I watched a movie, a truly wonderful movie, for the second time. But it’s not the movie, it’s the story—a true story of a man who saved 14 million lives, shortened a world war by two years, and changed the world in a way no one else ever has.
And he was persecuted into committing suicide at the age of 41. Persecuted through intolerance. Intolerance of people who are different, not of us, so not acceptable.
It’s the story of Alan Turing who invented what became known as the “Turing machine.” His mathematical genius developed a machine during World War II that broke Germany’s codes, their enigma machine. Thus, the British were able to predict what Germany would do, and thwart it. That’s what saved those 14 million people and shortened the war.
And the Turing machine? That was the world’s first computer. It was Alan Turing that gave us this miraculous technological world we live in today.
So why did he commit suicide? Because he was different at a time in the world that wouldn’t accept it. He was a homosexual (“gay” was a word of joy then), and homosexuality was a crime. He was exposed, and couldn’t live with it. One of the greatest geniuses of our time, a man who changed the world for the better, and the world killed him.
The British Queen gave him a royal pardon in 2013, but he was dead.
It’s time we accepted the differences of people, not just of gays, and learned to live together. Too many of the wars of today are wars of intolerance.
A special place, special law, special condition for those with a different religion should not be necessary. We shouldn’t need an Autonomous Region in Muslim Mindanao or a Bangsamoro, or anything else. We should live in understanding of each other, and allow others to do as they wish as long as it does not physically hurt us. If it mentally does, then we should change our mindset.
The more I think about it, the more I think a special environment for our Muslim friends should not be necessary. I raised it in my column on March 5 (“Why not live together?”) when I talked about Sierra Leone, where they do live happily together.
Why can’t we do that here? The right to Sharia law for Muslims between Muslims already exists. The right of Muslim schools to teach the Muslim religion is already permitted.
We’re being forced into a separation we really shouldn’t have, by some hotheads with guns. In opposition to the good Turing did is the evil done by whoever invented the gun. Its invention has brought so much death and violence to the world. I can’t think of a single good that guns have done, but I can count in the tens of millions, or is it hundreds of millions, the people whom guns have killed.
But back to the theme of my thoughts: tolerance, or its obverse, intolerance. What harm has allowing others to privately do as they wish done to the rest of us? None. What harm has being intolerant of others done to us? It has killed many of us. Or made life insufferable for those unfortunate to be on the other side.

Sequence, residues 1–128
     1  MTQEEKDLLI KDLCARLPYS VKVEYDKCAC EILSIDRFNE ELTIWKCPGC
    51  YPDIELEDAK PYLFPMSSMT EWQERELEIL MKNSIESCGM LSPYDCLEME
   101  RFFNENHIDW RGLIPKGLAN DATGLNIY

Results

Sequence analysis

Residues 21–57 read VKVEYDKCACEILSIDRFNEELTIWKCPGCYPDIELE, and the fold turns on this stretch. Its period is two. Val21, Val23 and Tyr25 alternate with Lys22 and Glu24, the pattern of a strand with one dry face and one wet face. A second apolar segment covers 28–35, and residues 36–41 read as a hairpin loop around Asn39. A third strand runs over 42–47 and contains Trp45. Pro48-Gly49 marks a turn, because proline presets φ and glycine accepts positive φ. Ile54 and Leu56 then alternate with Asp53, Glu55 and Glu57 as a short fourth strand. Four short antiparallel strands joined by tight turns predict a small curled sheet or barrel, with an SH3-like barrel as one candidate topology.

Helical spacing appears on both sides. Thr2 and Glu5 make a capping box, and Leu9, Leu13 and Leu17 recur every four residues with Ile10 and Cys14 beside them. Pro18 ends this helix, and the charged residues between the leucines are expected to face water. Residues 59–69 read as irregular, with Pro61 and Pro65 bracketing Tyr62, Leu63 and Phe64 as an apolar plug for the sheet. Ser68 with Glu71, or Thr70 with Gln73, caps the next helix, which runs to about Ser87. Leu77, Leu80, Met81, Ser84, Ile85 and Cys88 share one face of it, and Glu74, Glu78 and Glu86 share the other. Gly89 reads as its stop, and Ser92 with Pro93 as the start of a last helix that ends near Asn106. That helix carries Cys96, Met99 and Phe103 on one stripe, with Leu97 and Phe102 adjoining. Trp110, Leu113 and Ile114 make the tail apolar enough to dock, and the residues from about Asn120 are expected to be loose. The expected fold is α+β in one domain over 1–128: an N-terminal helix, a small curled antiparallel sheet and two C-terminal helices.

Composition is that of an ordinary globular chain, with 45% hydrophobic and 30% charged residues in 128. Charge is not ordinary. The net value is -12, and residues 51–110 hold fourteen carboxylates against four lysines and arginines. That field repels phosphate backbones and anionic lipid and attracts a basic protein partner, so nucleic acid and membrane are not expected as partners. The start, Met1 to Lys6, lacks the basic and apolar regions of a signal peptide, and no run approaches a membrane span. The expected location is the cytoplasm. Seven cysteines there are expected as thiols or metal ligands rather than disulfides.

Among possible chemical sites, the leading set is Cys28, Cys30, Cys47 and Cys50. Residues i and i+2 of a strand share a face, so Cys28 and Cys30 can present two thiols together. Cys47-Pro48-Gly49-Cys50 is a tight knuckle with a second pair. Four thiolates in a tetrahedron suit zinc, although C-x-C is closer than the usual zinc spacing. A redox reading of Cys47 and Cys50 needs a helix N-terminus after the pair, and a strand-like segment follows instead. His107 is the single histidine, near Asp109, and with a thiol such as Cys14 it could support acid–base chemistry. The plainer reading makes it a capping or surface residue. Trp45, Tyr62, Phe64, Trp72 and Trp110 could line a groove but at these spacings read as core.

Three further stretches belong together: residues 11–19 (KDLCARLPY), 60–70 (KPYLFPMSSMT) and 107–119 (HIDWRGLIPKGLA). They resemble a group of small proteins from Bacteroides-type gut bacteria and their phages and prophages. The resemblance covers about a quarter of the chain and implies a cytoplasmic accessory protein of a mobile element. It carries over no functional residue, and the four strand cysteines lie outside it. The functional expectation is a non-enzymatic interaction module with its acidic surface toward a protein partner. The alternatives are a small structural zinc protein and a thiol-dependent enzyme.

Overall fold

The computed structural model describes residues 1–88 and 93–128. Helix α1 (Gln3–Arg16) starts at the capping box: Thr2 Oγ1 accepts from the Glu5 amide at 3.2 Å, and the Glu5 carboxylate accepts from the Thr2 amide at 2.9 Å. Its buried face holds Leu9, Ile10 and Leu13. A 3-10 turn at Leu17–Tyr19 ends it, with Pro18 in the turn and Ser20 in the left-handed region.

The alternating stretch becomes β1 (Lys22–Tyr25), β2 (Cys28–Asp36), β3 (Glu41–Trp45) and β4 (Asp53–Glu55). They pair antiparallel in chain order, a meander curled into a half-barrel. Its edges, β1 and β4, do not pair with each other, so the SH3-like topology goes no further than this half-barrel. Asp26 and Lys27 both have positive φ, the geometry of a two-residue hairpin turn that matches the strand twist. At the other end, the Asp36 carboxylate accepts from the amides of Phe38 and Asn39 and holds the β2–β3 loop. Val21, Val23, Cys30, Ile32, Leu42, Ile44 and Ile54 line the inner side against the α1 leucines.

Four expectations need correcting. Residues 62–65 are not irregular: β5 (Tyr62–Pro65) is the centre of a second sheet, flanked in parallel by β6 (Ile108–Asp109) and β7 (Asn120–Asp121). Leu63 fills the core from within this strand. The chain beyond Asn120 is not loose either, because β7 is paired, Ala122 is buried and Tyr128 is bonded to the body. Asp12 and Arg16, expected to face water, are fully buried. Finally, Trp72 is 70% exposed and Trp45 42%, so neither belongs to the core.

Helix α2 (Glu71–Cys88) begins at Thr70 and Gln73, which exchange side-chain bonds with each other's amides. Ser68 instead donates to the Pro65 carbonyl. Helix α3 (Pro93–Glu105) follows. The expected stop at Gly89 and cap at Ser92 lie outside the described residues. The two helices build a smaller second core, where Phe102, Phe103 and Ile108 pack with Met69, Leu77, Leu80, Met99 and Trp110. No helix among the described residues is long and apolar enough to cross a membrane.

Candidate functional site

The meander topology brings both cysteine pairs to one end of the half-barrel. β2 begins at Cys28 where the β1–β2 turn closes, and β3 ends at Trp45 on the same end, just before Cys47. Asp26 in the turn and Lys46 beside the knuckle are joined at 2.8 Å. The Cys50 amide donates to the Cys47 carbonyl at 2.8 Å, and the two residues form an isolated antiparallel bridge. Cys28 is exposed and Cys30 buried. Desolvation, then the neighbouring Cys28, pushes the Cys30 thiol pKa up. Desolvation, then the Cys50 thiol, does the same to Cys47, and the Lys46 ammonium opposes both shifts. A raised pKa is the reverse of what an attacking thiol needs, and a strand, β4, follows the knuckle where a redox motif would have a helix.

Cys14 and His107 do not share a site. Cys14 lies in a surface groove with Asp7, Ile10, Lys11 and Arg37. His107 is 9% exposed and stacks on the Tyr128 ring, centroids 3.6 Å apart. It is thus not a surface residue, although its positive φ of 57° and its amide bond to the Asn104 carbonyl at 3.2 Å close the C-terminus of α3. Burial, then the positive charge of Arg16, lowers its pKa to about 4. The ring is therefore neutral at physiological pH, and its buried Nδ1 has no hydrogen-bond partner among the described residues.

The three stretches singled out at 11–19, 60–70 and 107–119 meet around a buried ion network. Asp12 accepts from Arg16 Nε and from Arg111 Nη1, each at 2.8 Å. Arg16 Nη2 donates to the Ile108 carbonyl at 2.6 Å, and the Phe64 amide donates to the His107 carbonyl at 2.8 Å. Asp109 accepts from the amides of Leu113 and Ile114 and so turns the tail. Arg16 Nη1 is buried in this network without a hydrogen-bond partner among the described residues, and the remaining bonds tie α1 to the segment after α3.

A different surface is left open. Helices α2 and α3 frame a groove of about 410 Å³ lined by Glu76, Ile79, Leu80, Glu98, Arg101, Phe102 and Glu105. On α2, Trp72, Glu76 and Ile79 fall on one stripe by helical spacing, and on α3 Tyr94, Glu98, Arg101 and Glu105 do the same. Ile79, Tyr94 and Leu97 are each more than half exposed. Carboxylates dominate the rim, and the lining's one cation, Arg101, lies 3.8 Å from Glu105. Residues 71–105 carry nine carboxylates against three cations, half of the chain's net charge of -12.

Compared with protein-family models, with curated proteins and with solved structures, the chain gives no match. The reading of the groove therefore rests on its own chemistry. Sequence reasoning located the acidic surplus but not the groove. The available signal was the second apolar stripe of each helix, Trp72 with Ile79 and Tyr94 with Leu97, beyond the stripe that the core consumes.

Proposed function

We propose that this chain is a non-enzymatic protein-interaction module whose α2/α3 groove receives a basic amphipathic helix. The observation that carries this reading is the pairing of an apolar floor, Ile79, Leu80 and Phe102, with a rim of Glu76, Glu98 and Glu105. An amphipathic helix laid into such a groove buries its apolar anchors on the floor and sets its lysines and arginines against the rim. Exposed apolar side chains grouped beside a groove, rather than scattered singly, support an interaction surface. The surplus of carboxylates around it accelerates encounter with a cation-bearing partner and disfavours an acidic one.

It’s why I’ve never understood why Catholic priests here can be so intolerant of others when my learnings of Christ’s teachings are the opposite. He preached tolerance and love for others, not vilifying them or denying them the kind of life they wish. At least that’s what I learned in the church school I went to. Am I wrong?
The bottom line is: Preach what you wish, believe in what you wish, live the life you wish, but don’t impose it on others.
Alan Turing had every right to enjoy the sex life he wished. I wish I were half the genius he was, and have done as much good for the world as he did. Yet intolerance killed him. Alan Turing—a name to remember. Watch the movie “The Imitation Game.” And let’s coexist together.
Mind you, this doesn’t mean I don’t support the Bangsamoro Basic Law. I have to, but only because it’s a practical solution to the reality of where we are today. But it should be recognized as only a first step toward peaceful coexistence with all Muslim communities.
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We were at the 85th birthday celebration of First Philippine Holdings chair emeritus Oscar Lopez last week, a wonderful occasion for a wonderful gentleman. It was a night honoring a man who’s lived a life of service to others.
It raised something I’ve long been disappointed about. We give honor and recognition to those we love and admire—after they die. They never get to hear the eulogy they deserve. The problem, of course, is: At what point in their life do we eulogize them? That’s something that can be worked out. Whatever date is decided, surely this is a nicer thing to do.
Last Monday must have been one of those bad days. I left my money clip on the restaurant table and dropped my cell phone somewhere in Commercenter in Alabang. I went back to the restaurant, Elbert’s; they were holding the money clip for me. My phone? Commercenter security called my wife that a customer had handed it in and they had it. Then an evening at the birthday of a friend turning 95, Meniong Teves. So it was a good day, after all, with some honest people in a new shopping mall making it so.
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This poem was written by the 11-year-old son of a friend of mine, Rosario Bradbury of SGS, when his grandfather died. He wrote it in 5 minutes:
20 years in life is childhood and teen years
the time you barely have fears
the time you should enjoy forth better
because it won’t last forever
40 years here is when you’re older
the time you’re bolder
the time you get a house
maybe even a spouse
80 years in life is when you retire
because you want to relax by the fire
be healthy because you might fly
into heaven and die
Live life to the fullest
because you could be the best
and remember have fun
every moment til it is done
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